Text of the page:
In addition to officially rolling out two-step verification for iCloud, Apple has just announced that it’s set to soon require app-specific passwords for apps that connect with its cloud storage service.
As announced by Apple in an email to iCloud users and on a newly posted support page on its website, app-specific passwords will be required when signing in to iCloud-connected third-party apps starting at the beginning of next month:
If you use iCloud with any third party apps, such as Microsoft Outlook, Mozilla Thunderbird, or BusyCal, you can generate app-specific passwords that allow you to sign in securely, even if the app you’re using doesn’t support two-step verification. Using an app-specific password also ensures that your primary Apple ID password isn’t collected or stored by any third party apps you might use. Starting on October 1, 2014, app-specific passwords will be required to sign in to iCloud using any third party apps.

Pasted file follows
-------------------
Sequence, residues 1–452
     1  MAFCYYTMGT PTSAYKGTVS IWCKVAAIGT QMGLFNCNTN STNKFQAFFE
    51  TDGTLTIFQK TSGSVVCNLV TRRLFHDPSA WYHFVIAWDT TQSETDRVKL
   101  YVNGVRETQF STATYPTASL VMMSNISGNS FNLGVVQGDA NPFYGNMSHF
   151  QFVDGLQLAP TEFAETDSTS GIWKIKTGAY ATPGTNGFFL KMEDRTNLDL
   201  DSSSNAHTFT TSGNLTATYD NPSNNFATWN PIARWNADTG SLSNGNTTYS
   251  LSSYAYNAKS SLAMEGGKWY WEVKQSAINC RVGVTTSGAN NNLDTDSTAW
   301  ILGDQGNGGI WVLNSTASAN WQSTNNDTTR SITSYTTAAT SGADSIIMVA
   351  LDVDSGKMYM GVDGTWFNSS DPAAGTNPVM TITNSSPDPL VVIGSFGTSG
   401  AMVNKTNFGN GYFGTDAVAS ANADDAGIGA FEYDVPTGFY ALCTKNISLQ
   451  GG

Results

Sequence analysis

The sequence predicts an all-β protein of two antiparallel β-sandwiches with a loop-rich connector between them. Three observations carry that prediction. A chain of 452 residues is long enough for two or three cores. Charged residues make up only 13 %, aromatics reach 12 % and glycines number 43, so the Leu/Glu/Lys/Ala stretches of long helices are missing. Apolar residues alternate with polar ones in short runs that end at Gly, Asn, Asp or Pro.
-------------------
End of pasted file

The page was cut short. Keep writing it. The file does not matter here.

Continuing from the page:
To generate an app-specific password for signing in to iCloud within a third-party app, follow the instructions on Apple’s support page. Just like a normal password, the generated app-specific password is to be entered or pasted into the app’s password field.
You can have up to 25 active app-specific passwords at a time. If necessary, you can revoke passwords individually or all at once by following the steps on the support page.
App-specific passwords have long been offered by other companies, including Google and Yahoo. Their implementation for iCloud is apparently prompted by the recent nude celebrity photo leak, which has mainly thrown the security of the service into question.
In response to the issue, Apple CEO Tim Cook said that, while iCloud was actually not breached during the incident, Apple would be initiating additional layers of security for iCloud.